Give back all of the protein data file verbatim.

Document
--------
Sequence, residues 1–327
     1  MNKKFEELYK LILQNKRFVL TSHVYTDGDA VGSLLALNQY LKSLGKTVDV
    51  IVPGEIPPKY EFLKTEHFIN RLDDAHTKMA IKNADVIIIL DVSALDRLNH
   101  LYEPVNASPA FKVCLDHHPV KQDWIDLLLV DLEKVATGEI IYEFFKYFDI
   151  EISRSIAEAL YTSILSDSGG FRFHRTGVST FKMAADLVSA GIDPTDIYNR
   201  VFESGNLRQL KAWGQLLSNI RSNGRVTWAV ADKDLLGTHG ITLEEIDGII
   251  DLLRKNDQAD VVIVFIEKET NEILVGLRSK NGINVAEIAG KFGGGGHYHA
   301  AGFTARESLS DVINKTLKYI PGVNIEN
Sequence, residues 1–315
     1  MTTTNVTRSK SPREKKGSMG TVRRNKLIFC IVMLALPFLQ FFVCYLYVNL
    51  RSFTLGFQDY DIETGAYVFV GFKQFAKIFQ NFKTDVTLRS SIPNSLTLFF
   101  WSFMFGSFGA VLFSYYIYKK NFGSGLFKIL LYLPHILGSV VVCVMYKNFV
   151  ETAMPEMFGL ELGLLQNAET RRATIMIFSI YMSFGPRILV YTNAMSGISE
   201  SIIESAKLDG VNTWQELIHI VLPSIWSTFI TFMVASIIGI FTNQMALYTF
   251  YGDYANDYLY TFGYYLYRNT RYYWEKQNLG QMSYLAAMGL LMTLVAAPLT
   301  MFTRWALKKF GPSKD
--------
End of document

Sequence, residues 1–327
     1  MNKKFEELYK LILQNKRFVL TSHVYTDGDA VGSLLALNQY LKSLGKTVDV
    51  IVPGEIPPKY EFLKTEHFIN RLDDAHTKMA IKNADVIIIL DVSALDRLNH
   101  LYEPVNASPA FKVCLDHHPV KQDWIDLLLV DLEKVATGEI IYEFFKYFDI
   151  EISRSIAEAL YTSILSDSGG FRFHRTGVST FKMAADLVSA GIDPTDIYNR
   201  VFESGNLRQL KAWGQLLSNI RSNGRVTWAV ADKDLLGTHG ITLEEIDGII
   251  DLLRKNDQAD VVIVFIEKET NEILVGLRSK NGINVAEIAG KFGGGGHYHA
   301  AGFTARESLS DVINKTLKYI PGVNIEN
Sequence, residues 1–315
     1  MTTTNVTRSK SPREKKGSMG TVRRNKLIFC IVMLALPFLQ FFVCYLYVNL
    51  RSFTLGFQDY DIETGAYVFV GFKQFAKIFQ NFKTDVTLRS SIPNSLTLFF
   101  WSFMFGSFGA VLFSYYIYKK NFGSGLFKIL LYLPHILGSV VVCVMYKNFV
   151  ETAMPEMFGL ELGLLQNAET RRATIMIFSI YMSFGPRILV YTNAMSGISE
   201  SIIESAKLDG VNTWQELIHI VLPSIWSTFI TFMVASIIGI FTNQMALYTF
   251  YGDYANDYLY TFGYYLYRNT RYYWEKQNLG QMSYLAAMGL LMTLVAAPLT
   301  MFTRWALKKF GPSKD